According the driver perception hypothesis, horizontal curves appear sharper or flatter when overlapping with crest or sag vertical curves, respectively. Confirmations of this hypothesis are provided by studies carried out using non-interactive techniques that do not allow the analysis of the driver's reactions to the visual perception of the road. This study was aimed to add to the body of knowledge concerning driver's speed behavior on combined curves, as well as to test the perception hypothesis based on the speed data collected during tests in the interactive CRISS driving simulator. Speeds on the tangent-curve transition of crest and sag combinations were compared to those on the tangent-curve transition of horizontal curves with the same radii but on a flat grade (reference curves). For the crest combinations the results of the statistical analyses were fully consistent with the perception hypothesis. On the sag combinations, on the contrary, the driver's speed behavior did not differ in any statistically significant way from that on the reference curves. Therefore this finding did not support the perception hypothesis on the sag combinations. The effects of the combined curves on the driver's speed behavior did not change in function of the level of the radius. Some implications of these findings have been highlighted.

Bella, F. (2014). Driver perception hypothesis: driving simulator study. TRANSPORTATION RESEARCH PART F: TRAFFIC PSYCHOLOGY AND BEHAVIOUR, 24(May 2014), 183-196 [10.1016/j.trf.2014.04.007].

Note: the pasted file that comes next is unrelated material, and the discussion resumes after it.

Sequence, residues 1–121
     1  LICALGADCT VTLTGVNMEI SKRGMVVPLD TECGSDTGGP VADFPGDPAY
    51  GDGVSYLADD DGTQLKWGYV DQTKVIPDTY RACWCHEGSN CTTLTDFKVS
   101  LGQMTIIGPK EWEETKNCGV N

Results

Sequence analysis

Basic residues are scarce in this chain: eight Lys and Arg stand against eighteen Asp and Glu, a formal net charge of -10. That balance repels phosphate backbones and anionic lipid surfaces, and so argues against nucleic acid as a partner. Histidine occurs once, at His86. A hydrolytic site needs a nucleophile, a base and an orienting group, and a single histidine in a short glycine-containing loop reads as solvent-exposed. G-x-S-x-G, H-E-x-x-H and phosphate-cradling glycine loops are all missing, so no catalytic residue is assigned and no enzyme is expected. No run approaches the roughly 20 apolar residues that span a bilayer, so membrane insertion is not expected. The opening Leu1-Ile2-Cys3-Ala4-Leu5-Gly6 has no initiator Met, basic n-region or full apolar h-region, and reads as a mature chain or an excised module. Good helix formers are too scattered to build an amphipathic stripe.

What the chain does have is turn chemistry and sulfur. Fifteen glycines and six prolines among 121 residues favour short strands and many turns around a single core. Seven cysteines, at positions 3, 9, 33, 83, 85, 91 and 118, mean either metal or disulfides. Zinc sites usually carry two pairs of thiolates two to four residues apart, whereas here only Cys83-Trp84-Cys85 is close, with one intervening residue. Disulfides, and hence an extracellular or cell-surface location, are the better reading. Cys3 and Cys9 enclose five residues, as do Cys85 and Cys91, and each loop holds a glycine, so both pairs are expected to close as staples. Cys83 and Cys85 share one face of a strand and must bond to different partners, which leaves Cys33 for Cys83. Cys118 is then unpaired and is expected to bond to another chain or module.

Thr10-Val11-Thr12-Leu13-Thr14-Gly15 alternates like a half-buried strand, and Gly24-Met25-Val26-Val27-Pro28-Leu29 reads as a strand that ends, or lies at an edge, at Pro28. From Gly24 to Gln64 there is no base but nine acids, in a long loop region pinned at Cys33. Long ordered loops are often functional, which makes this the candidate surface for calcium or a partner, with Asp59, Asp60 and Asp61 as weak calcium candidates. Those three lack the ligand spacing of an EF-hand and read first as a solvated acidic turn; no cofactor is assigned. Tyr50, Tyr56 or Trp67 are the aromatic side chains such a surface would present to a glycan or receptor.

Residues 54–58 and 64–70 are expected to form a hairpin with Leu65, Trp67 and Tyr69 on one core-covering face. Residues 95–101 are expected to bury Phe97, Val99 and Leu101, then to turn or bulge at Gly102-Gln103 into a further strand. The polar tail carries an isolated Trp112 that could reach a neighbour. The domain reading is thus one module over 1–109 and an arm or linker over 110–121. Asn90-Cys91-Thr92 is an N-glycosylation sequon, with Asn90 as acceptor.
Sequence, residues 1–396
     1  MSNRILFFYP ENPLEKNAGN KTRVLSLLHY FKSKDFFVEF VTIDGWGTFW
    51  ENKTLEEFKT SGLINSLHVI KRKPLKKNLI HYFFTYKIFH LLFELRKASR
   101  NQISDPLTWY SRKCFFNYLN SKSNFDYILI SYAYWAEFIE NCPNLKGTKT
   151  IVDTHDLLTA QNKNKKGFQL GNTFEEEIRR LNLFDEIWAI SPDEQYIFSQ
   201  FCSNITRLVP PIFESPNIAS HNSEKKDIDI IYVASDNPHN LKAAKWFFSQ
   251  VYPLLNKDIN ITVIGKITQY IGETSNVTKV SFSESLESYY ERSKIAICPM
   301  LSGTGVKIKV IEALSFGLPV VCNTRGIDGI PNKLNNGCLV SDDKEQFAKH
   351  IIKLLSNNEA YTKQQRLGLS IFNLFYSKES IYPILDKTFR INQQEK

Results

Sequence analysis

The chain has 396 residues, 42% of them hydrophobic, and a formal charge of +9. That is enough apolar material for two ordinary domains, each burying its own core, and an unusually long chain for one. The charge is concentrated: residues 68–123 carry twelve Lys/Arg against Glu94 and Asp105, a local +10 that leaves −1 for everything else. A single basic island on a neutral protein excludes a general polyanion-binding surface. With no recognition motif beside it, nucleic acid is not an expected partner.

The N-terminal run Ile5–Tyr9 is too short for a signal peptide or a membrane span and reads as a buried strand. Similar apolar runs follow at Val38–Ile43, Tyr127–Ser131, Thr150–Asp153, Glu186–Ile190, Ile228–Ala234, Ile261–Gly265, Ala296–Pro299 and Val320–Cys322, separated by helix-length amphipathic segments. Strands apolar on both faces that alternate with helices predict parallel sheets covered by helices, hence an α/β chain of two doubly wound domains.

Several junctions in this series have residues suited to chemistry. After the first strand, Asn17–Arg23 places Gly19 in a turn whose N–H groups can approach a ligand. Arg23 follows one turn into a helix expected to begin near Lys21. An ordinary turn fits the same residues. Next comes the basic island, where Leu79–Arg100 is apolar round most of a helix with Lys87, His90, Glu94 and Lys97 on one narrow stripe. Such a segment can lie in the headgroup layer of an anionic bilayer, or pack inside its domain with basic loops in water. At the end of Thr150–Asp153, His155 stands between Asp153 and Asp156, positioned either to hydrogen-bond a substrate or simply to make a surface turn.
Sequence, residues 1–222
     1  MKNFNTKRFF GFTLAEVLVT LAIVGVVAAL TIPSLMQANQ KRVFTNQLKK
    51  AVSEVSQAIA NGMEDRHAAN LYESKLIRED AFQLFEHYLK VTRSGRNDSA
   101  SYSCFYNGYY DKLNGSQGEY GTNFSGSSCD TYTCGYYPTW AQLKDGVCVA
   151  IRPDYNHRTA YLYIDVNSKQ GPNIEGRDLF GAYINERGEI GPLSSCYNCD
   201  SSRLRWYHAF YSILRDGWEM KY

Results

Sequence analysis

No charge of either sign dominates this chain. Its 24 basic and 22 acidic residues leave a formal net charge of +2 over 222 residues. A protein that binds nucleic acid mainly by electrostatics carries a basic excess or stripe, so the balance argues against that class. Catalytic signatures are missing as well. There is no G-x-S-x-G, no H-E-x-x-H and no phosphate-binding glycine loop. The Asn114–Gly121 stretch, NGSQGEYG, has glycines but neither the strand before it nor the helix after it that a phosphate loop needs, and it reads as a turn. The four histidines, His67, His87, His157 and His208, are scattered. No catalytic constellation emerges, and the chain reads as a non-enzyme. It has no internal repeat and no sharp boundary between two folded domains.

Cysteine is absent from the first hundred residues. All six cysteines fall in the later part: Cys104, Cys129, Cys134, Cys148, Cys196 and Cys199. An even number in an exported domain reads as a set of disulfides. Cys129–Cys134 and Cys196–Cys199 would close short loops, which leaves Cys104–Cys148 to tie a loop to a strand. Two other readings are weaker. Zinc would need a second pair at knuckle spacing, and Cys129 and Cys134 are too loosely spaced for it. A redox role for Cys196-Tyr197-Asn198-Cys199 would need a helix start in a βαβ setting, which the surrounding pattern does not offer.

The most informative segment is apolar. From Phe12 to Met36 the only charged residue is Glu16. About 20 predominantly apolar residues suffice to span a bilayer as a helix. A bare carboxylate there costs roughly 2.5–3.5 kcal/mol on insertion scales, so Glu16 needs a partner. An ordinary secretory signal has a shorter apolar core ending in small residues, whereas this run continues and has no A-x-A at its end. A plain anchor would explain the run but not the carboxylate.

Driver perception hypothesis: driving simulator study

BELLA, Francesco
2014-01-01

Abstract

According the driver perception hypothesis, horizontal curves appear sharper or flatter when overlapping with crest or sag vertical curves, respectively. Confirmations of this hypothesis are provided by studies carried out using non-interactive techniques that do not allow the analysis of the driver's reactions to the visual perception of the road. This study was aimed to add to the body of knowledge concerning driver's speed behavior on combined curves, as well as to test the perception hypothesis based on the speed data collected during tests in the interactive CRISS driving simulator. Speeds on the tangent-curve transition of crest and sag combinations were compared to those on the tangent-curve transition of horizontal curves with the same radii but on a flat grade (reference curves). For the crest combinations the results of the statistical analyses were fully consistent with the perception hypothesis. On the sag combinations, on the contrary, the driver's speed behavior did not differ in any statistically significant way from that on the reference curves. Therefore this finding did not support the perception hypothesis on the sag combinations. The effects of the combined curves on the driver's speed behavior did not change in function of the level of the radius. Some implications of these findings have been highlighted.
Bella, F. (2014). Driver perception hypothesis: driving simulator study. TRANSPORTATION RESEARCH PART F: TRAFFIC PSYCHOLOGY AND BEHAVIOUR, 24(May 2014), 183-196 [10.1016/j.trf.2014.04.007].
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Utilizza questo identificativo per citare o creare un link a questo documento: https://hdl.handle.net/11590/141874
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